Lessons from Korea’s food waste policies

Lessons from Korea’s food waste policies

Editor’s Note: Food waste isn’t just a Canadian problem – it’s a global issue with devastating impacts on climate change and hunger. All over the world, countries struggle to ensure good food ends up on plates instead of landfills, and many have developed unique strategies to face this crisis head-on. 

In the next few months, The Harvest Journal will explore food waste policies around the world and highlight what different countries are doing to prevent and reduce waste, build more sustainable and resilient food systems, protect our planet and finally put an end to food waste. 

There are few countries where food waste is processed on a larger scale as in Korea. In 2005, the government banned throwing food waste to landfills before implementing compulsory composting nationally in 2013. By 2019, a whopping 95% of Korea’s food waste was converted into fertilizer, biogas and animal feed. What’s behind the success of this system that has become a model for many in the world to follow?  

An integrated and well-executed policy 

Overall, Korea has an integrated and well-executed policy involving a balance of financial incentives, public participation and noncompliance enforcement. Investments in supporting infrastructure reflect the government’s priority and commitment to tackling waste. 

The efficient waste management system goes together with awareness and education campaigns to tackle food waste at the source. For example, restaurants are encouraged to serve fewer and smaller side dishes to reduce leftovers from a typical traditional meal, while bars offer different menus for standard and small food quantities. By keeping track of their monthly garbage collection bill, people become mindful of their consumption and adjust their habits accordingly.

A circular economy

The Korean government subsidizes public recycling facilities that convert food waste into feed, compost or biogas, reducing the environmental impact of its disposal.  

In a Seoul suburb, biogas recycled from liquid food waste is used to heat 3,000 homes in the area. Meanwhile, solid scraps are processed into nutrition supplements for livestock—this saves money and farmland needed to grow crops for animal feed. Fertilizers made from food waste are given away to support farmers and urban farm initiatives.  

A tax on food waste 

Korea practices a “Pay-as-You-Waste” scheme, where residents are charged based on the weight of their food waste. An average four-person family only pays around $6 per month.  

How to dispose of food waste in Korea 

  • In biodegradable bags: You can only dispose of food in designated bags sold in grocery stores in different sizes and prices.  
  • Stickers: Purchase food waste stickers in grocery stores and attach them to specific bins distributed by the government when you throw out your food. The garbage collectors will not empty the bin if they don’t see the stickers.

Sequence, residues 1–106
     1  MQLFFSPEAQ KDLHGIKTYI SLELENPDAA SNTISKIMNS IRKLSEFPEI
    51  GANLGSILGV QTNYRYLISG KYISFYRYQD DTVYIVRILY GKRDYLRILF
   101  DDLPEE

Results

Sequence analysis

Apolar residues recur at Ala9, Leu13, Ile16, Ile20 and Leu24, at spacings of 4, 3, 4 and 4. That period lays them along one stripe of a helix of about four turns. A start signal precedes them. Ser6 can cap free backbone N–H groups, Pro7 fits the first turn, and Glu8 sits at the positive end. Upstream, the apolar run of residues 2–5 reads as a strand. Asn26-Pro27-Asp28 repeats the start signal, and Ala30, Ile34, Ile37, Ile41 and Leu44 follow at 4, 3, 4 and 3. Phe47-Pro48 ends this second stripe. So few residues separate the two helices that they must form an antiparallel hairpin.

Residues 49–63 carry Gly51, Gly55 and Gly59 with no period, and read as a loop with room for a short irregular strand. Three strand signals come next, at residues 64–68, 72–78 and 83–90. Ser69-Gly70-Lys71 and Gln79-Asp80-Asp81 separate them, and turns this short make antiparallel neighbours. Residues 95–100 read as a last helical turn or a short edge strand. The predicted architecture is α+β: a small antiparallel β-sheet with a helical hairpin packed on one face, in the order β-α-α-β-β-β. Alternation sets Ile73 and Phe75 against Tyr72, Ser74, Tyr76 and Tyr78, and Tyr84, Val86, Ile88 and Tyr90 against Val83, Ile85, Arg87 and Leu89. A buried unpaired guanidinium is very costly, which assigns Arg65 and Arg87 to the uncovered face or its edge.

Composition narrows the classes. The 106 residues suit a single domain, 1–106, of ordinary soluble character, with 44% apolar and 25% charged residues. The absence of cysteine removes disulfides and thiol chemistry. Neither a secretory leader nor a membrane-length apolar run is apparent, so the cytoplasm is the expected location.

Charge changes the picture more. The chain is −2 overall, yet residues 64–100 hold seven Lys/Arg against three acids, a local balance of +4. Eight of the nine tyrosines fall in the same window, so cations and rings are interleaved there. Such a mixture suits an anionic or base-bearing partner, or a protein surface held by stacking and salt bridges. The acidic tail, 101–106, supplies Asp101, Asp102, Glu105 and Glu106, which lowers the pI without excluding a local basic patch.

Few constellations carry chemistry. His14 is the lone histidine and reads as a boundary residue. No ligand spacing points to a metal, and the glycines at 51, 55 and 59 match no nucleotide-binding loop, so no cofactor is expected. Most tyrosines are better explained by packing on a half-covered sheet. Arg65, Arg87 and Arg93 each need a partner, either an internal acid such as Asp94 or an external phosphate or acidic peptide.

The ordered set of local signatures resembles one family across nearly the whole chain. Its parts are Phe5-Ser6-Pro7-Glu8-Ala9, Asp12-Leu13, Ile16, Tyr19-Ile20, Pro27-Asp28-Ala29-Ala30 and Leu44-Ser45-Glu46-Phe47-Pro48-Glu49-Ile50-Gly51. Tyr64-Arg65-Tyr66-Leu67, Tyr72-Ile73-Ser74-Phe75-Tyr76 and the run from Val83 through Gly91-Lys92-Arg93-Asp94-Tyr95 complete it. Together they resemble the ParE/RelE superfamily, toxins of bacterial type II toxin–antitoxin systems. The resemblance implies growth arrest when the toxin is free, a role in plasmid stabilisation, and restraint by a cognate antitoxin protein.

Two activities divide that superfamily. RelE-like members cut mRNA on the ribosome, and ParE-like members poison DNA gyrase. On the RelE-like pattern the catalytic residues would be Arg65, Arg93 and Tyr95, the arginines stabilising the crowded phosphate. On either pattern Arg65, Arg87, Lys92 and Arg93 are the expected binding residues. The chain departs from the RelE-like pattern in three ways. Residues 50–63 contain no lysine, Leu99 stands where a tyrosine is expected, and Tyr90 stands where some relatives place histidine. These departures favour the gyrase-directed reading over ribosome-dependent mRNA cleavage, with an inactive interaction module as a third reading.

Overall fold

• Radio Frequency Identification (“RFID”) technology: Bins installed with an electric scale and RFID weigh food waste as it’s deposited. The bin will only open if a person scans their household identification card. At the end of the month, they will be informed of the charges. 

As nearly 80% of food waste is moisture, households are encouraged to squeeze out the liquid before depositing their waste to reduce its weight. This also helps the city save on transportation costs.  

Follow Natasha on her truck ride-along

Follow Natasha on her truck ride-along

Editor’s Note: Natasha Bowes, our Senior Manager, Philanthropy, recently saw the direct impact of Second Harvest’s efforts during a truck ride-along. She joined our driver Hektor as he delivered rescued food to several agencies and programs Second Harvest supports, thanks to the continued support of our donors.

She shared her experience with our CEO Lori Nikkel in an email, which we reproduced below.

Hi Lori!

I took part in my annual ride-along and it was an eye-opening and inspiring experience! Thank you for making this part our annual staff development, it truly helped me understand the work we do, on a deeper level.

On a chilly, drizzly Wednesday morning a few weeks ago, and I had the privilege of joining one of our amazing Second Harvest drivers for their delivery route. As the day began at 7 a.m. amidst the bustling heart of the Second Harvest warehouse, our truck was being filled with nutritious surplus food, including chicken, ground beef, sausage, dairy products, yogurt and more!

We had a clear mission that day to deliver over 7,240 pounds of rescued food to 12 partner organizations who help feed our city’s most vulnerable communities.

Our first stop brought us to a local food bank. The volunteers receiving the food shared that before the pandemic, they helped 70 individuals weekly. But now this foodbank is lifeline for over 425 families and individuals every week, and they rely on Second Harvest for most of that food.

In that moment I was both shocked, and full of hope, as it reinforced for me ‘why’ Second Harvest is such an impactful charity.

This food bank is lucky, and has a dedicated group of bike-delivery volunteers who help bring our food directly to the doors of people in need. It means that people like Sarah, a homebound individual, can eat a healthy, balanced diet and as such – she can now pay for her medications, something she couldn’t do before receiving food deliveries.